Battle of Britain pilots developed their own slang/terminology that would have been incomprehensible to others even in the military. However, this slang became part of the lifestyle of members of Fighter Command and was used in everyday conversation as well as in written correspondence. Some of this slang has become reasonably common in general use today (such as ‘binders’) but during the months of the Battle of Britain when the ‘King’s English’ was more dominant it was language commonly associated with the men from Fighter Command.

Binders – People who are always grumbling and moaning.

Bin – Killed as in ‘He’s been bin’

Blood Wagon – Ambulance

Booze-wine – drink, usually beer

Brolly – Parachute

Brown Job – Soldier/Army Officer

Beat-up – To dive at an object with the purpose of frightening them

Bogle – A woman

Cotton Wool – Clouds

Deck – The ground or an aerodrome

Double Top – A good shot (from double 20 in darts)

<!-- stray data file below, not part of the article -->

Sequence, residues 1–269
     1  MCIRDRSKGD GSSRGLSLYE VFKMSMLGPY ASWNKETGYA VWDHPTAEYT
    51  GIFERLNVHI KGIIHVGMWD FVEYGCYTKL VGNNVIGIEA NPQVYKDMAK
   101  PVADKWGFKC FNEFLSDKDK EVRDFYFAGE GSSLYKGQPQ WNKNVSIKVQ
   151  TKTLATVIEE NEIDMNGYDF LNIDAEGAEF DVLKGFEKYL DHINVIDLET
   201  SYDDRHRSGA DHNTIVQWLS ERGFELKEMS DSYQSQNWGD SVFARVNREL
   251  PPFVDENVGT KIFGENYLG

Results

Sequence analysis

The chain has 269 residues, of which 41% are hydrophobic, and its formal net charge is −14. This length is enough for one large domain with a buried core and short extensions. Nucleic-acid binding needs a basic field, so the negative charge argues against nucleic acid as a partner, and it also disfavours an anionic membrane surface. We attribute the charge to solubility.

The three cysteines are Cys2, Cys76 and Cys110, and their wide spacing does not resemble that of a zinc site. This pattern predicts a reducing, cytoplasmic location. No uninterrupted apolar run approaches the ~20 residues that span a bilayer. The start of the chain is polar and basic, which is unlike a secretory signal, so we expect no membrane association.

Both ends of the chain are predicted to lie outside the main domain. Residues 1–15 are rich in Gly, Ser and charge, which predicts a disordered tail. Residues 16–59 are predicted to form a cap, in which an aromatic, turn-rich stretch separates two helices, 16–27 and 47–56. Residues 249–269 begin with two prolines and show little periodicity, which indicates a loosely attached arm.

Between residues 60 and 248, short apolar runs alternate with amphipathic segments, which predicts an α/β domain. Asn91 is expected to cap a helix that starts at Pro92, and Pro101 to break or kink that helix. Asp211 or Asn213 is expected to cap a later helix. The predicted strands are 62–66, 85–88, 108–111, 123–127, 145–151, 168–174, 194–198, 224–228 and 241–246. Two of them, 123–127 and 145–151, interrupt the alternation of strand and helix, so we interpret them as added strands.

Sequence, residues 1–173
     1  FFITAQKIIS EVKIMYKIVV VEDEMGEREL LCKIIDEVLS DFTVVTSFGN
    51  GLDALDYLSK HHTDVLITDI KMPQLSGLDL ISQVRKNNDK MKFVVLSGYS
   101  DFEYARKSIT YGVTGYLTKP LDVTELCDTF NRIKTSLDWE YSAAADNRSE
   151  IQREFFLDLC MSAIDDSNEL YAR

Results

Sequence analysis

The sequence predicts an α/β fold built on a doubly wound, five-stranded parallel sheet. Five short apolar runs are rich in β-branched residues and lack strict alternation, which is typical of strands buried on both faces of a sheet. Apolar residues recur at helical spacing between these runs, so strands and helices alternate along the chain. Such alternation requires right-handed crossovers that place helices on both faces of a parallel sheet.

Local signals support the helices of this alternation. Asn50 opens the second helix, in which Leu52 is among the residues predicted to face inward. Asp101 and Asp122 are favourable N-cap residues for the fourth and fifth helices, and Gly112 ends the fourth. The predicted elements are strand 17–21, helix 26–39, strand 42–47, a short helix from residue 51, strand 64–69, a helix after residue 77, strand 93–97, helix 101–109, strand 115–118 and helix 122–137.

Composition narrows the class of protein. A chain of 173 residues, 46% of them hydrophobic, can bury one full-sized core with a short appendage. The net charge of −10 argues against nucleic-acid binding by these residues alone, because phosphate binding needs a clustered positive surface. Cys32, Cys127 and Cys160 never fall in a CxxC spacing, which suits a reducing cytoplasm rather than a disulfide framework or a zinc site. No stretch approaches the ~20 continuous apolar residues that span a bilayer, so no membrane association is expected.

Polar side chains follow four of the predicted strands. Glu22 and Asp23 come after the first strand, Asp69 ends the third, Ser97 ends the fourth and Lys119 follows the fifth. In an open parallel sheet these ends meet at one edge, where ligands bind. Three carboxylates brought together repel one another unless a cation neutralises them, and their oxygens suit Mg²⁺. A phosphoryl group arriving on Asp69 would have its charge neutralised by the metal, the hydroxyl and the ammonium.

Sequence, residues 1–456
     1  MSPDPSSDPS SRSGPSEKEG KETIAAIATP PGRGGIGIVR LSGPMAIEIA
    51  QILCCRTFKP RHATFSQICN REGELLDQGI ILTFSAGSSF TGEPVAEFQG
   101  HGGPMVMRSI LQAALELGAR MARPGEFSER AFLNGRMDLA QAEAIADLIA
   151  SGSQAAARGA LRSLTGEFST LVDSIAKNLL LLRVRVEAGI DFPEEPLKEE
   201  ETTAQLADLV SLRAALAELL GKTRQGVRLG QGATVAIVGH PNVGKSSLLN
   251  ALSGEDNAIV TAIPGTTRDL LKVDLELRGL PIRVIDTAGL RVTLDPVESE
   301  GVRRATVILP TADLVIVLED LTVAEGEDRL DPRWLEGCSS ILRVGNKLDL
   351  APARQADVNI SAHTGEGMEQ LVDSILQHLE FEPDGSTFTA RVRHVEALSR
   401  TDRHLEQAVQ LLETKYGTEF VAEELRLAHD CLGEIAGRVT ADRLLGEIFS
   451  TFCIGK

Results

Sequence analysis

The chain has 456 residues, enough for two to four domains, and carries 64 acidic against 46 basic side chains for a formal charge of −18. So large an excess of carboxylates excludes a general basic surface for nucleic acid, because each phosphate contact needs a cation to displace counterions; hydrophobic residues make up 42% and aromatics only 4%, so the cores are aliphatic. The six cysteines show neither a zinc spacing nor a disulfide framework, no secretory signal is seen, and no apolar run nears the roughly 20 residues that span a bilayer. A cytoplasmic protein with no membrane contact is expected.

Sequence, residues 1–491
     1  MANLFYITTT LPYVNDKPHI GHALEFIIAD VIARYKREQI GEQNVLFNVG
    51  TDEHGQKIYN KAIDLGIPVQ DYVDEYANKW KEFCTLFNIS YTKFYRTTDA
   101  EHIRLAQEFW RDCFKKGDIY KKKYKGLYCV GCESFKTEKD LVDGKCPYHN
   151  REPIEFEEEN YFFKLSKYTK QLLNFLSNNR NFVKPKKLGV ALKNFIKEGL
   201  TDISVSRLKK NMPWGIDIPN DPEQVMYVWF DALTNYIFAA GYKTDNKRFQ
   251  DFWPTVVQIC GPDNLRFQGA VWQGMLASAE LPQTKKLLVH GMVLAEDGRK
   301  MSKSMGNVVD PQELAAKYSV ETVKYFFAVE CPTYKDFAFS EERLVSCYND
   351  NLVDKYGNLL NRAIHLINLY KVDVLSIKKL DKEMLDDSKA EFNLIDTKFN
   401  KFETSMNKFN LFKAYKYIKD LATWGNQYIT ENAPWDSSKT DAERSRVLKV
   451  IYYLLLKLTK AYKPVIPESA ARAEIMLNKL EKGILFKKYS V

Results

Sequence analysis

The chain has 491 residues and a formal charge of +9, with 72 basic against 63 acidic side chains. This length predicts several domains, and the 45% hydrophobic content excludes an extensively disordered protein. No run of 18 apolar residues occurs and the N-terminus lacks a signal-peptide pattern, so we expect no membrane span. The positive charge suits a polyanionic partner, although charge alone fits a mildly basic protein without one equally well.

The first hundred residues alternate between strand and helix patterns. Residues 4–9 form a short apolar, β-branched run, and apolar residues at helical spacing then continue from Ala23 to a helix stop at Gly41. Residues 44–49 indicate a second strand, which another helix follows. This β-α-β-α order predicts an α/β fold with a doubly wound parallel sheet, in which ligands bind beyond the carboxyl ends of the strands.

Erks – Airman’s rank if below a corporal

Forced Lob – Forced landing

Grappling Hooks – Making a big effort

Grease Monkey – Mechanic

Head in the Office – Office refers to the cockpit

Jim Crow – an aircraft on a reconnaissance mission

Nabble – To catch up

Peelow – Pilot

Putting on the horses – giving more throttle to gain more speed

Poking Charlie – Making fun of someone

Ring Twitch – To anticipate danger; a feeling of fear and excitement

Squirt – To shoot at

Stooge – Someone who does all the dirty work

Stooge Patrol – A patrol on which you do not expect to see the enemy

Stooging Along – Going on patrol without taking much notice of anything

Tits – The trigger or firing button on the joystick

Vic – Aircraft flying in a V formation

Walking Out – To bale out of your aircraft

July 2010